Hi Jan, that is a very good question and I'm not entirely sure what would be at the LMA. I think that they would keep the class registers, minutes of staff meetings, official school photos and other miscellany but if there was a likelihood of anyone in the papers still being alive, I'm not sure that it would be included.
You don't need an appointment and can just turn up. The staff are incredibly helpful. It is like the local studies library at the Borough but with much more material. I've been there three times and on each occasion the day has flown by. I was able (with latex gloves which they provide) to examine the original design drawings for the block of flats we live in (dating back to 1880).
The photographic archive is amazing too. There was an online project a few years ago called EVAC (European Visual Archive Collection) but funding was pulled and so you now, again, have to go to the LMA if you want to see anything. Well worth a visit.
will definitely be going in a week or to, would love to see my Mums records for her school in bear lane.
Glad to see they provide you with gloves to protect material which will grown increasingly fragile over the years. I personally cringe when I see precious ancient books/manuscripts handled without gloves.Watching Dr.Lucy last night in Harlots,housewives etc. on bbc 4 I felt like screaming at the screen...put your flipping gloves on!
Odd really seeing as my housework is on par with myths and legends....i.e it may or not have happened! :-)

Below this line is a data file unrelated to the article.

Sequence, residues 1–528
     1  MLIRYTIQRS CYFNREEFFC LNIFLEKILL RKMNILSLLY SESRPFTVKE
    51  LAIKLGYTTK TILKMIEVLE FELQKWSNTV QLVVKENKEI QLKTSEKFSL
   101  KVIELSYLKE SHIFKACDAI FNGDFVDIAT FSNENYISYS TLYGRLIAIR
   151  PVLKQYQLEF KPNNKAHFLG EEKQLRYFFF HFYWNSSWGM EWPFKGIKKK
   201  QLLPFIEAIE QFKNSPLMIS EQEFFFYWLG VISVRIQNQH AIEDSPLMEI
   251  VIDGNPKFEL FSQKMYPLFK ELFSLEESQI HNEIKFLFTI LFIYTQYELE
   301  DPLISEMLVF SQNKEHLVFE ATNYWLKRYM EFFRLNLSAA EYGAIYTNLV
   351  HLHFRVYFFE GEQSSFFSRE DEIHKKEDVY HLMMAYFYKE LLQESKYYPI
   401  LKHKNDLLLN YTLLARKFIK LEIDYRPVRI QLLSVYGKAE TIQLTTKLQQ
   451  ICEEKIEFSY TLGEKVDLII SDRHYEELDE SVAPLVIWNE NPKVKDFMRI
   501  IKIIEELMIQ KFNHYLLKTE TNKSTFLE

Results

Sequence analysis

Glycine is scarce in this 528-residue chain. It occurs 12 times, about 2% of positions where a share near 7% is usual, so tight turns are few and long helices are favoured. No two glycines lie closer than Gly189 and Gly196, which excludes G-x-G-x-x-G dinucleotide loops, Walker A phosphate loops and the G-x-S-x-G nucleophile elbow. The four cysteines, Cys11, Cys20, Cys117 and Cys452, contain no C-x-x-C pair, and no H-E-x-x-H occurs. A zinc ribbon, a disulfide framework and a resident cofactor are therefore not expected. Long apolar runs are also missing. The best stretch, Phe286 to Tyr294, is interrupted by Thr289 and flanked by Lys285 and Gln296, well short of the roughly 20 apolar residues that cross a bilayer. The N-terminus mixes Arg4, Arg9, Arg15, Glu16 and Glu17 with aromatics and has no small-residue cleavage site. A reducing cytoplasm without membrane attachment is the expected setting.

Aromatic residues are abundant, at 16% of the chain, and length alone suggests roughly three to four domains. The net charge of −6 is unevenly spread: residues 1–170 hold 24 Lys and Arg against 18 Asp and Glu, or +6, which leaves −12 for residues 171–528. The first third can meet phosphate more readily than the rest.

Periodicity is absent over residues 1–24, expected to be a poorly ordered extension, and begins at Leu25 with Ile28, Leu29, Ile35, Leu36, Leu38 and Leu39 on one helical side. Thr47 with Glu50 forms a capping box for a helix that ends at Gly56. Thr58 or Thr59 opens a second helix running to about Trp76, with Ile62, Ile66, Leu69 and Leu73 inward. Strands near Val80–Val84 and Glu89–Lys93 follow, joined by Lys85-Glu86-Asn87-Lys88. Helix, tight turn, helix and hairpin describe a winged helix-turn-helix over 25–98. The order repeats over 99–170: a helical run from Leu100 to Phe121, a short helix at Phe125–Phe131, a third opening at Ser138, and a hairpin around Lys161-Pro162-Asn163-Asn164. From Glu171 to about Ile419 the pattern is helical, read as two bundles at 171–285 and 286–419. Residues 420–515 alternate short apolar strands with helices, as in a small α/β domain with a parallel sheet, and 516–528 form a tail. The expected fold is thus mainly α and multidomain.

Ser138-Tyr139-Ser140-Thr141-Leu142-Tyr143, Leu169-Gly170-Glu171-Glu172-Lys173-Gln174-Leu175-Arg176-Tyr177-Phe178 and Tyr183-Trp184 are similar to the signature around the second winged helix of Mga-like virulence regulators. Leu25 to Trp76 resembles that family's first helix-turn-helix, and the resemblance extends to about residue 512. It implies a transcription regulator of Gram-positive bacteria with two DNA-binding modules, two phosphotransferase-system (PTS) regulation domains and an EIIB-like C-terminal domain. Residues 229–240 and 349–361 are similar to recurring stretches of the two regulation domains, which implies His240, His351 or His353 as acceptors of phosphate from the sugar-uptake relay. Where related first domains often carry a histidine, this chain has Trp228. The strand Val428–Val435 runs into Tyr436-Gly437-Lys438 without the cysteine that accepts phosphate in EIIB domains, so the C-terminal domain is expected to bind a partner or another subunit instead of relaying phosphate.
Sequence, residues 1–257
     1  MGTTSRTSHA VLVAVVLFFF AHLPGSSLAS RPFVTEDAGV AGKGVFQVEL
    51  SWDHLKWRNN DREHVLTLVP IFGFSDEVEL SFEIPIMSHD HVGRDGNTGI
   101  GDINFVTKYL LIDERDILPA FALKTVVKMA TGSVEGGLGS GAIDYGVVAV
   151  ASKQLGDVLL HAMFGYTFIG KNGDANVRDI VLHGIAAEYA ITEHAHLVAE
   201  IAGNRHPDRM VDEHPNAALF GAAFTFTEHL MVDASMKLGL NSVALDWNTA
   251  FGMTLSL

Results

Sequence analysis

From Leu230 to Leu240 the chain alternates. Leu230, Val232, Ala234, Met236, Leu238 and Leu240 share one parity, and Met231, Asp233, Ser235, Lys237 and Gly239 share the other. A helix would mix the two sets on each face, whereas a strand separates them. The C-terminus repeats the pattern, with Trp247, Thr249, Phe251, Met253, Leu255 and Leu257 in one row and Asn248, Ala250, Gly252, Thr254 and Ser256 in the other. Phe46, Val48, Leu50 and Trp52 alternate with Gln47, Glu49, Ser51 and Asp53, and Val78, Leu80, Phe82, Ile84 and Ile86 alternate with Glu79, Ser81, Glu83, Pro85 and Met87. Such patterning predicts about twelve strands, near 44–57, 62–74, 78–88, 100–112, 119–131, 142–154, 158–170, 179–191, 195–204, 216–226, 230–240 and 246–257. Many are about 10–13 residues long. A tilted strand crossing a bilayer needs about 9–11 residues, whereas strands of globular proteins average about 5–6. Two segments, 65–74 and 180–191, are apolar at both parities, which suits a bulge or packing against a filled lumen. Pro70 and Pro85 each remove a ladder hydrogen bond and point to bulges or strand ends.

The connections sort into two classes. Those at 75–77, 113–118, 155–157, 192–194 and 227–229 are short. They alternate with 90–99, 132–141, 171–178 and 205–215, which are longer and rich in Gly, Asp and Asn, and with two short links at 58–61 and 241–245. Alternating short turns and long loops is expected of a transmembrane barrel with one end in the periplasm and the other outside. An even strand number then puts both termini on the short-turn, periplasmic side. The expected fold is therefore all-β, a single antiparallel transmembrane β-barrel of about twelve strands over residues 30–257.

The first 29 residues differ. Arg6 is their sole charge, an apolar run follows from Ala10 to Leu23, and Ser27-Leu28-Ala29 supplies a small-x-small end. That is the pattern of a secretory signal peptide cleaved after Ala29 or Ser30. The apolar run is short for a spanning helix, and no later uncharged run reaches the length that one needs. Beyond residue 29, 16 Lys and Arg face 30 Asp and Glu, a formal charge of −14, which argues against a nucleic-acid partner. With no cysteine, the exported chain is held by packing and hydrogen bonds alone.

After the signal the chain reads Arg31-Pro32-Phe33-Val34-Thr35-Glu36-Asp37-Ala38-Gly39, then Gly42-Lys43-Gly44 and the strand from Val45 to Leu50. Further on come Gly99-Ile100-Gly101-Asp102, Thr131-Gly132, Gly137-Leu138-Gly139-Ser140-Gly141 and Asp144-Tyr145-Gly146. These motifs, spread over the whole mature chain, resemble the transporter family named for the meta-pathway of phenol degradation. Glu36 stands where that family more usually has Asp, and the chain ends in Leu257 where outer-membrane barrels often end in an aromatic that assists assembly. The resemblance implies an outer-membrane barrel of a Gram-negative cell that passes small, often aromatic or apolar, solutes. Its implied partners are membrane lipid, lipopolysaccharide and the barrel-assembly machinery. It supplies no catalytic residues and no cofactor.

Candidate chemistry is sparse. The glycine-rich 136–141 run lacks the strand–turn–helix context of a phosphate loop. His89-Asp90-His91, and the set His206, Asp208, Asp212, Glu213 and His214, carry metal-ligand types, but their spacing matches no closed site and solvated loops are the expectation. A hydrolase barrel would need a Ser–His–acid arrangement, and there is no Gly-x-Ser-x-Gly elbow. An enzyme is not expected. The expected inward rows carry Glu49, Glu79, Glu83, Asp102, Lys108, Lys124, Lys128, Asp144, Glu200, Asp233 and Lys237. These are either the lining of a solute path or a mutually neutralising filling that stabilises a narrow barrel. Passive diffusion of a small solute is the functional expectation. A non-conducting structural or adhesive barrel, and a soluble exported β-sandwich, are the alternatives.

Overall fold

The LMA is an excellent resource, though of course, not all school records have survived. when I was looking up the records for St Philips/Archbishop Sumner primary (just over the road from Walnut Tree Walk) there were very few records - it all depends really on whether the school kept them - I believe they were only obliged to keep attendance registers for 3 years after the pupil had left.
The LMA has made available a large number of school registers on Ancestry, and you can get a 14 day free trial for that site (it's quite expensive otherwise) - you can look at transcripts or an original image.
Actually, now I remember they have free Ancestry look-up at the LMA so it's still well worth a visit. Last time I was there I looked up the workhouse register to find my great -nan's admission and dischargeback when she was orphaned.
How I agree with you about people using gloves to handle old books and manuscripts. The lovely Doctor Lucy Worsley must have heard us both shouting at her to use her cotton gloves, she must know better considering her day job, But I forgive her (this once) because she amuses me so much.Striding purposefully about with her unique look of a mischievous blonde flapper and that totally endearing smile with the twinkle in her eyes and delivering so much knowledge.
Sorry that I have added nothing about the original subject.
In Dr worsley's defence, it is sometimes better to not use the gloves, just have scrupulously clean hands. Gloves can make your hands less sensitive to the paper and you can inadvertently tear it, especially if you're turning pages. Books of the sort of age she was handling are generally made of linen rag paper and are more hardy.